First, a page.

Esp32_oscilloscope Arduino firmware turns your ESP32 board into a web-based oscilloscope

Bojan Jurca’s “Esp32_oscilloscope” is an open-source Arduino sketch that can transform an ESP32 board into a web-based oscilloscope that works over WiFi.

We had also written about the Scoppy project to turn the Raspberry Pi Pico W into a 2-channel oscilloscope, but there’s no reason the more powerful ESP32-series microcontroller could not be used for the same purpose, and Bojan’s Esp32_oscilloscope project does just that and works with ESP32, ESP32-S2, ESP32-S3 and ESP32-C3 boards using the I2S interface for fast data sampling.

Arduino ESP32 Web-based WiFi oscilloscope

The project was initially designed to demonstrate the multitasking abilities of the ESP32 microcontroller with Arduino, but this evolved into an ESP32 oscilloscope firmware. It works both with output/PWM and input signals, digital (0 or 1) and analog (0 to 4095) signals, and the web interface shows up to 736 samples per screen although the sampling rate may not be completely constant all the time.

To install it on your board, you’ll need to load the project in the Arduino IDE and set your router credentials and the hostname:

The program relies on the FAT file system, so you’ll need to select one of the FATFS partition schemas in Tools->Partition scheme-> ... unless the ESP32 board does not have external flash in which case you’d need to comment out the

…in order for the firmware to use progmem to store the oscilloscope.html file. Now you can build the program and flash it to your board. You’ll also need to upload a few files to the /var/www/html directory (android-192-osc.png, apple-180-osc.png, oscilloscope.html) over FTP, and you should be able to access the oscilloscope with “http://your-esp32-ip/oscilloscope.html” or “http://esp32-hostname/oscilloscope.html” URL from your web browser.

ESP32 OscilloscopeIf you are short on time and/or don’t happen to have an ESP32 board on hand, Bojan is also running a demo at as shown in the screenshot above. The full details for the Esp32_Oscilloscope project can be found on GitHub. It’s not the first time we cover a project that shows the status of ESP32 GPIO pins in a web browser, as GPIOViewer does just that but serves a different use case.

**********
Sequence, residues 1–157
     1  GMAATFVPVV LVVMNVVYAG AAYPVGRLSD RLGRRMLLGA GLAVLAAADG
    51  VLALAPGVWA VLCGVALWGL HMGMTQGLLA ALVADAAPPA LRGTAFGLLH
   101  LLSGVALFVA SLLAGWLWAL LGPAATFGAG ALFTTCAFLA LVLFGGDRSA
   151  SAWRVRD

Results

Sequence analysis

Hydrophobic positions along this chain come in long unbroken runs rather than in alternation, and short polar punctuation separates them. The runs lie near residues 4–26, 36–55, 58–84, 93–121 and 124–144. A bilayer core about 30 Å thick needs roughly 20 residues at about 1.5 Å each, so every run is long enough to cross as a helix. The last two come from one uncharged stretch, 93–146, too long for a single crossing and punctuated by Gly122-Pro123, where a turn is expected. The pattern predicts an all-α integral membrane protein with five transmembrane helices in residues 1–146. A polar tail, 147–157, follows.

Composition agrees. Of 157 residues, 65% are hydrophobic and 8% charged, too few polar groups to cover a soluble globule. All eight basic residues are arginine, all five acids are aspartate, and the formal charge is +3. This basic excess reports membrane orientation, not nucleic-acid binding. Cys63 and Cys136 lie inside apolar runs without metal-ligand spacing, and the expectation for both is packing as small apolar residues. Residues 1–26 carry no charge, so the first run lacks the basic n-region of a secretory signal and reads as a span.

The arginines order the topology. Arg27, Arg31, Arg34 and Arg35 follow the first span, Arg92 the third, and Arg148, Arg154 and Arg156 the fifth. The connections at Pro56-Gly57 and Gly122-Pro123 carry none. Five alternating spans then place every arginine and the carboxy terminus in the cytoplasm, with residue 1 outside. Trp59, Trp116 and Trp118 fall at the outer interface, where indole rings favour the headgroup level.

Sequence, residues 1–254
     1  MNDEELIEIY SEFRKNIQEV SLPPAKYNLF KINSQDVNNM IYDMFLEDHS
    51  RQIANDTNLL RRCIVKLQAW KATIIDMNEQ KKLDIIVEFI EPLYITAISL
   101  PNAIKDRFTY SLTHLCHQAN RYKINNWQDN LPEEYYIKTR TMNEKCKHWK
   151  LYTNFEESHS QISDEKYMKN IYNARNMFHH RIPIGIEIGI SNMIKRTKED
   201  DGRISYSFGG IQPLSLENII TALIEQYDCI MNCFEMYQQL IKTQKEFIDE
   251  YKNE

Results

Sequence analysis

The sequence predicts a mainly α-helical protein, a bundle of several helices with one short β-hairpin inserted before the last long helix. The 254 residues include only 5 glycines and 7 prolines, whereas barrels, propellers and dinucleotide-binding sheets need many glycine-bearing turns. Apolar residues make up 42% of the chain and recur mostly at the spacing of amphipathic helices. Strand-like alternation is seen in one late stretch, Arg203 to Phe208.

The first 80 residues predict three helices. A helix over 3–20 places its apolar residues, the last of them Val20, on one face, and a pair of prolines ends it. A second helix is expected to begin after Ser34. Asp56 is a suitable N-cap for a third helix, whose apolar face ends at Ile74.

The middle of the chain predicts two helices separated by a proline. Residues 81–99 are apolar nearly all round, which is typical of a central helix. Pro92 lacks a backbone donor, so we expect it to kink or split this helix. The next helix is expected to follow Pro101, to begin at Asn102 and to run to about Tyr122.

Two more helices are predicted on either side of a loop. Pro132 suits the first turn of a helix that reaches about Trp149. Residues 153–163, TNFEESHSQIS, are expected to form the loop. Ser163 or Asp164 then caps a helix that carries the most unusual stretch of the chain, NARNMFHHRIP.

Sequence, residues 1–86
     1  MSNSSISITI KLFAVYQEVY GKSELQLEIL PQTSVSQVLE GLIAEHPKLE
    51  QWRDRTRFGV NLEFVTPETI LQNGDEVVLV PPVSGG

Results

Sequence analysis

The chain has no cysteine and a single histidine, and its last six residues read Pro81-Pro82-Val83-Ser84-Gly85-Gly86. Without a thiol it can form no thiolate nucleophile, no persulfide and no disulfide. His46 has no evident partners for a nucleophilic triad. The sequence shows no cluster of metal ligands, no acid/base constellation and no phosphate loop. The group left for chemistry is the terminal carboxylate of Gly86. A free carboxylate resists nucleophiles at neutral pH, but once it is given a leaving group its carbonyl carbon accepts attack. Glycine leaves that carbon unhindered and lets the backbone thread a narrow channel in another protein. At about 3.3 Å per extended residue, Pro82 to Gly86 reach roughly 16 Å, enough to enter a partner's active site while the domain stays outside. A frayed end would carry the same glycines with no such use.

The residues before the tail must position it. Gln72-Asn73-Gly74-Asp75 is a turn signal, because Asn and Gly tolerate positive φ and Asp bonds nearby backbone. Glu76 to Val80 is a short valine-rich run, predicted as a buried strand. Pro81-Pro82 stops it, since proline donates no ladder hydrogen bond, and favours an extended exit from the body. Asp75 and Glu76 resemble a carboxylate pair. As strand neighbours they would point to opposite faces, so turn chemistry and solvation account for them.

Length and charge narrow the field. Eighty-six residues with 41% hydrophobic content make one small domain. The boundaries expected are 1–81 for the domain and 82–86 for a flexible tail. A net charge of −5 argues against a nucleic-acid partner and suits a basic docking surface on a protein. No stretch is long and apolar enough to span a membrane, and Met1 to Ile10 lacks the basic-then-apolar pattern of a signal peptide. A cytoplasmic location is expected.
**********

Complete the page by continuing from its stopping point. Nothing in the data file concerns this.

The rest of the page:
Via gojimmypi on Twitter/X

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6 Replies to “Esp32_oscilloscope Arduino firmware turns your ESP32 board into a web-based oscilloscope”

  1. would be really interesting to extend this to also be a logic/protocol-analyzer. To dynamically instance a spi device or a serial port för (specific pins, i guess, since esp32 doesnt have full gpio re-routing capabilities) could be done and really useful.

    1. You can already get cheap half decent logic analysers. There are the generic saleae clones (24 MSPS and 8 channels) or the slightly more expensive Sipeed version (8 channels, up to 160 MSPS for 2 channels, only one channel for windows) and Sipeed are releasing a better 1 GSPS USB 3 version soon apparently.

  2. ESP32 has a problem with analogue inputs. It is never accurate. How is that this works as an oscilloscope??
    Has the output been checked against a real scope to confirm the calibration?

    1. Put one of the 5 volt signals. or use a voltage divider, to one of the other Analog ports, and now you know what 5 or 2.5 volts value is.

  3. Why don’t people use half decent MCUs for things like this? Why not use something better for this?

    The ESP32 can apparently handle up to 2 MSPS (but lower is recommended) and the rp2040 can only handle 500 KSPS and the ADCs in these MCUs are known to not be the best, especially the ESP32.

    Why not use one of the STM32G4 series like the STM32G473 with 5 x 4 MSPS ADCs, 7 DACs, 7 comparators and 7 OP amps? I believe the multiple ADCs can be interleaved too, to at least double interleaved if not triple.

    Or one of the STM32H7 series like the STM32H723 with 2 x 16 bit 3.6 MSPS ADCs that can reach 7.2 MSPS at 16 bit in dual interleaved mode plus an additional 12 bit, 5 MSPS ADC and some other analogue peripherals like comparators, a DAC and op amps.

    Price also isn’t really the issue as you can get a STM32G473 dev board for around £5 or a cheaper STM32G431 dev board for around £2.50 and you can get a STM32H723 dev board for around £13.

    It just doesn’t make sense to pick some of the microcontrollers with the worst analogue performance for oscilloscopes. The rp2040 has a low sampling speed and maximum 4 channels and the ESP32 ADC isn’t that fast either and is known to have accuracy issues.

    Obviously using an external high speed ADC would be best but if the goal is low cost and just using a common dev board then the ESP32 and rp2040 are still bad choices.

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